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The Word

by Casper Tales 2 years ago in humor
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One lucky guy and his little black book.

The phone rang.

Inori answered, “Hello?”

“Hey kid,” a mysterious voice spoke, “It’s time.”

Inori hung up. He gulped, and opened the little black book on the desk. There was a name: Ben King. Beside the name was a number in red: $20,000. Of course, there was also the word.

Inori quickly closed the book, just as the train hit a bend in the track and sent him for a jerk. He braced himself against the bed located in the small cabin. He stood up straight, and quickly returned the book to it's hiding spot.

Inori smoothed his uniform, and continued to push the dining cart down the length of the train. When he got to the dining car, he found it unusually empty.

"That's strange," Inori thought, "Mr. King must be at the bar, but why did everyone follow him there?"

Naturally, Inori figured it had something to do with the game. The game that seemed to have everyone addicted since the year 2057. Passwords given to every player and huge sums of money to the person that gets that player to say their word out loud. Ben King had been playing for eight years, and never once said the word written down beside his name in the little black book.

"Hmm," thought Inori, "I wonder how they're trying to trick Mr. King into saying his password today?"

Ben King's password: prayer. A simple word, and easy enough to avoid for a smart man.

When Inori finally got to the lounge car, there was quite a commotion. A large crowd had gathered around a monitor. Mr. King was singing karaoke -- one of his favorite pass-times on long stretches of travel aboard this train.

But, could it be? Was Ben really singing Hans Jorgensen's rock classic Prayer for the Living?

"Johnny was down on his luck. Laid off from his job, he knows it will suck when he gets hungry. So hungry," Mr. King softly crooned.

Inori smiled. Ben wasn't a half-bad singer, and if he sang the chorus, the rules of the game stated that the person who spoke to him last got the prize. Could be any of the businessmen in suits cheering Mr. King on. Looked like none of them really needed the twenty grand. They probably played for the thrill.

"Oh, what else is there but singing?" belted out Ben King, "Yes, here's a --"

He stopped and laughed, while the rest of the car shouted, "Prayer for the living!"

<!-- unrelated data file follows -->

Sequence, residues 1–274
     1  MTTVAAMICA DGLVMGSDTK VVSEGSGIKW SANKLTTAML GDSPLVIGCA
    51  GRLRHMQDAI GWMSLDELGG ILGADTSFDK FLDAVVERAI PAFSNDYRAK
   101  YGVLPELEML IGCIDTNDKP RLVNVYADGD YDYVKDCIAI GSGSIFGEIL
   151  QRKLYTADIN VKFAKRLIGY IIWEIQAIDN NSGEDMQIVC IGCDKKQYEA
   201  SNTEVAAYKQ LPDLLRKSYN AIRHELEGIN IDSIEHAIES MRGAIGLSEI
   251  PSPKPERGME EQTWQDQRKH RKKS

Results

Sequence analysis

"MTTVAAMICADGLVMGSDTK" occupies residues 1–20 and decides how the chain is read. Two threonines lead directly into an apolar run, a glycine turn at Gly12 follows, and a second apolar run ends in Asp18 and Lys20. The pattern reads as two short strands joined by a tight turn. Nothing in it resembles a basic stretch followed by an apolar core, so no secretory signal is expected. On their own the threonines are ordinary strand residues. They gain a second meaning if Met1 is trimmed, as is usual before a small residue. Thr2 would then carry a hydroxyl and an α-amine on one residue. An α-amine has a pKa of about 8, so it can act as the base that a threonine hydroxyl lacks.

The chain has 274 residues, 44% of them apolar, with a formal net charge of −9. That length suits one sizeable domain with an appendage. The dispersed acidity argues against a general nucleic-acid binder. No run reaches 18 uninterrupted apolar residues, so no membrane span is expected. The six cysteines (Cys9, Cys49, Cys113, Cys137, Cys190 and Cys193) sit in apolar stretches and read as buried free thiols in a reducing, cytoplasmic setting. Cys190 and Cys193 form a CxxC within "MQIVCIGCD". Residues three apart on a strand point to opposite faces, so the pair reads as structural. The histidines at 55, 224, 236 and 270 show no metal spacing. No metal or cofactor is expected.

"You guys must really think I'm stupid," he taunted.

Inori approached, "Your dinner, sir."

"Thank you," replied Ben King.

He opened the lid on the rack of lamb he had ordered earlier. Ben inhaled deeply through his nose, pleased by the smell. Then he turned to Inori.

"You know what I like about you, kid?" Ben began, "You do your job, and you leave me alone. What's your name, anyway?"

Ben peered at Inori's nametag, but obviously was a bit too inebriated to make out the moniker.

"Inori, sir," said the young busboy.

"Inori, that's an interesting name. What is that Korean or something?" Ben asked.

"Actually --" Inori was cut off by the sirens that began to blare. Red strobe lights flashed. A voice echoed over the loud speaker, making the announcement.

"Password has been spoken. We have a winner. Inori Fujinara you just won $20,000!"

Ben was livid, "No way, I didn't say anything!"

The announcer continued, "Mr. King you are half-Japanese."

"How did you know that? I never even met my father," Ben hollered.

"And by the rules of the game, a password can be said in any official language of a person's citizenship," the announcer said, matter-of-factly.

Ben glared at Inori, "You're telling me..."

"Yes sir, Inori means prayer in Japanese," Inori said sheepishly, looking down at his shoes, and trying to conceal a smile.

Inori slowly backed out of the lounge car, amid cheers from the crowd. He retrieved the little black book he had hidden in his cabin. He opened it. How he could not say, but Ben King's name was gone. His own name, Inori Fujinara had been written in its place. Beside it was a dollar figure: $50,000. And of course the new player's password.

What was Inori's password, you may be inquiring? Well, he hasn't told anyone yet, and he's not going to start now. But, what he will tell you is that he spent his prize money on tuition. Finally, he got a chance to go to college, and get off the train.

You may also be wondering where he hides that little black book, and who is the mysterious bookkeeper?

Maybe this answer will shock you, but you have to play the game to find out.


About the author

Casper Tales

Age: 36

Insurance broker by day, library owl by night. Avid writer, proud father, devoted husband, and novice chess player. B.Sc. from Queen's University.

Currently living in Alberta with my wife and two children.

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